Jackson was all-in for the 68th Emmett Till Commemoration Weekend festivities 

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Attorney Malik Shabazz calls for massive public turnout for Nov. 14 “goon squad” sentencing. Victim Eddie Parker, left, and Nation of Islam representative Abram Muhammad, right, stand beside Shabazz. (Advocate photo: Joshua Martin)

Friday, August 25th through Monday, August 28th saw a whirlwind of events sponsored primarily by the Emmett Till Legacy Foundation. They went from the Mississippi State Capital Building to Tougaloo College to the Two Museums to the Mississippi Delta to New Hope Baptist Church to the Jackson Convention Center. They involved a multiplicity of celebrity-types, as well as local citizens. The majority of the events took place on Friday the 25th. 

Scott McDowell and Teri Watts were the major coordinators.

On Friday morning at 10 a.m., City Councilwoman Angelique Lee was on hand at the Capitol Building to present proclamations from the Jackson City Council and from Mayor Chokwe Antar Lumumba declaring the weekend “Emmett Till Weekend in Jackson.” The proclamations and Lee’s comments linked the lynching of Emmett Till to the continuing racism and racial violence in the state and around the country. 

The city proclamations were followed by proclamations from the state legislature. State Representatives Zakiya Summer and DeKeither Stamps spoke on behalf of their colleagues in the state legislature, in general, and the Mississippi Legislative Black Caucus, in particular. As in the case of the city presentations, the state representatives linked the Till murder and the movement that it sparked to contemporary racism and racial violence. Stamps also informed citizens that bills had been introduced each session seeking an apology for the state’s actions surrounding the murder of Till and the subsequent miscarriage of justice that allowed Roy Bryant, J.W. Milam, Carolyn Bryant, and other unnamed conspirators to remain free citizens.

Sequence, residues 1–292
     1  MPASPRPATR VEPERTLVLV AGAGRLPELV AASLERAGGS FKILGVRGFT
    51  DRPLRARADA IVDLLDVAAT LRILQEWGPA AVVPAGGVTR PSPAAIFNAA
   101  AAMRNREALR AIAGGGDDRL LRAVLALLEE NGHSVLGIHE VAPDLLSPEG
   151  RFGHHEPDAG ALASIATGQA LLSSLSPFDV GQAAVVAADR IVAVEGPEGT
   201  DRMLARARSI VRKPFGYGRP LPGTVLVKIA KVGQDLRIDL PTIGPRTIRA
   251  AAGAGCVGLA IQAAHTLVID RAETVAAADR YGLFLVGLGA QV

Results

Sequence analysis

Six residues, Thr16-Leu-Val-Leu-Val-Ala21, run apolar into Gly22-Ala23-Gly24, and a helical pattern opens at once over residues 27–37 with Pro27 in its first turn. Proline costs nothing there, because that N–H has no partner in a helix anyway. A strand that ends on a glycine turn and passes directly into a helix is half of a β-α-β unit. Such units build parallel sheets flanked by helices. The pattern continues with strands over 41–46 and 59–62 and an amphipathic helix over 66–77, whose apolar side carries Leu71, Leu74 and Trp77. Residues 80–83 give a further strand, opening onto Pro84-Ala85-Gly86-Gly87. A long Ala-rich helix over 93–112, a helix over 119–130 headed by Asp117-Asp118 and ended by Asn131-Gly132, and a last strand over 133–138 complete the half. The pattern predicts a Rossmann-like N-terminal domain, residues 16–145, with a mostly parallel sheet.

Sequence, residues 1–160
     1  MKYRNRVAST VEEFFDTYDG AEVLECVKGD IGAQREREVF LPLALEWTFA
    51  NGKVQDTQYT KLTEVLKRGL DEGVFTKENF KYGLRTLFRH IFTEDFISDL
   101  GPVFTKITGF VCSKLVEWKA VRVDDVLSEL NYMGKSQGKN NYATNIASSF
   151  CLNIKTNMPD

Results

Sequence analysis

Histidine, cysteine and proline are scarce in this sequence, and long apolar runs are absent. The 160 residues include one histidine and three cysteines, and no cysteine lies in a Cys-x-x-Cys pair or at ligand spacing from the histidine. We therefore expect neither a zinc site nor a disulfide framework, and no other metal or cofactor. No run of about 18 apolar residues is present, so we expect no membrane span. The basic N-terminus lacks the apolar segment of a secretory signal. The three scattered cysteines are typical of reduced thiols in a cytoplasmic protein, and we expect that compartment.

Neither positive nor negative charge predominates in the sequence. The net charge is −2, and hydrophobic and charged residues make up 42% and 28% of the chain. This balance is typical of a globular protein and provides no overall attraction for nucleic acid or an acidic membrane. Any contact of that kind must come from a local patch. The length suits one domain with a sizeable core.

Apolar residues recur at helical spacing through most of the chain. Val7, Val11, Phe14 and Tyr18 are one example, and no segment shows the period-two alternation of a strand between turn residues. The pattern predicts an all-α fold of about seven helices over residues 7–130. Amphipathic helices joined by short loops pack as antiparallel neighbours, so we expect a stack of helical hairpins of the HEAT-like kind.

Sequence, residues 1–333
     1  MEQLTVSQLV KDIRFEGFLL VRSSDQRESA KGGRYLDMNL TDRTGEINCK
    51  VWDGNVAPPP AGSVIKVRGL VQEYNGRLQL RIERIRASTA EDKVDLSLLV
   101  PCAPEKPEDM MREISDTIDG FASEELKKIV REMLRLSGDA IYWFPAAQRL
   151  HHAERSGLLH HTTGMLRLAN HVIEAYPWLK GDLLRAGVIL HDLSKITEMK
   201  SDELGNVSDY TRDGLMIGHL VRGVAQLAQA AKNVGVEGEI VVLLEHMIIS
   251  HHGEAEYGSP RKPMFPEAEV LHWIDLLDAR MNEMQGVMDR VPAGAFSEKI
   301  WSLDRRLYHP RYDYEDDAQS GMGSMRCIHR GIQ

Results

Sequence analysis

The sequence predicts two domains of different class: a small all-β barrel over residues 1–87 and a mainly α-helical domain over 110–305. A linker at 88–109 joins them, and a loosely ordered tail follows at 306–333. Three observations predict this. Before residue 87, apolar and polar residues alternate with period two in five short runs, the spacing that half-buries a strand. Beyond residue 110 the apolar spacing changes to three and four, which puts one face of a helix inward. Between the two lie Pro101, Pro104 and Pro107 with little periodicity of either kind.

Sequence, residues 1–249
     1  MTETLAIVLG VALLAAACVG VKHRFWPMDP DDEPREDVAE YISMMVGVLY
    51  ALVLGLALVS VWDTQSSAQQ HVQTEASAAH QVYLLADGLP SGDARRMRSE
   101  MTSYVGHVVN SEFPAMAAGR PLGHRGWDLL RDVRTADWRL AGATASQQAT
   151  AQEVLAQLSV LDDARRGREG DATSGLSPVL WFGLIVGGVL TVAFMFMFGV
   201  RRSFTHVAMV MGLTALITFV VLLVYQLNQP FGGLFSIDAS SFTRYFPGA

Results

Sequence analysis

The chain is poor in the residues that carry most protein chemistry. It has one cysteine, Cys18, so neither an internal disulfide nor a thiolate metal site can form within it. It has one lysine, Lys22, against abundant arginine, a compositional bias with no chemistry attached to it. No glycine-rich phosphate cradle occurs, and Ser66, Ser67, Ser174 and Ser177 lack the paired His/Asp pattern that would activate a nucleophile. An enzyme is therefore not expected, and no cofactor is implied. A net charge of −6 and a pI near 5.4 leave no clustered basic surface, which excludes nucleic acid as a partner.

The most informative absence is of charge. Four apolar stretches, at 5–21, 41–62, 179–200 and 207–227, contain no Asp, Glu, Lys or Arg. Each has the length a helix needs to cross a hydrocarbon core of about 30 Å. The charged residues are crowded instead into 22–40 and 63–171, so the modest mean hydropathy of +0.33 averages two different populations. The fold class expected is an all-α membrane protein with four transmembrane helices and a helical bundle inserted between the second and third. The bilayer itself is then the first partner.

Emmett Till Foundation founder and president Deborah Watts and film-maker Keith Beauchamp expressed their appreciation to the city and state for the reception. After brief one-on-one responses to questions from the media, the entourage announced that it would lead a tour through the Mississippi Delta on Saturday and was then off to Tougaloo College.

The Tougaloo College Communications Department organized a late-morning panel discussion for the commemoration. The panelists included Deborah Watts; Keith Beauchamp; educator Fred Zollo, who had aided in the production of the film “Till”; actor Jalyn Hall, who portrayed Emmett Till in the movie; and Tougaloo student Julian Miller. While the panel discussion was wide-ranging, a clear focus was on showing the kind of research that went into making the film and underscoring the importance of such film work in helping to bring about change, including changes in the criminal legal system. The event was lively and informative for both the student body and the community visitors.

The day concluded by a registration-only meal, reception, showing of the film “Till,” and panel discussion at the Two Museums of Mississippi. The film focused primarily on humanizing the Till family, contextualizing the social environment, and the courageous role of Ms. Mamie Till in dramatizing the horror of racial hatred and how necessary it is for people to come together to defeat it.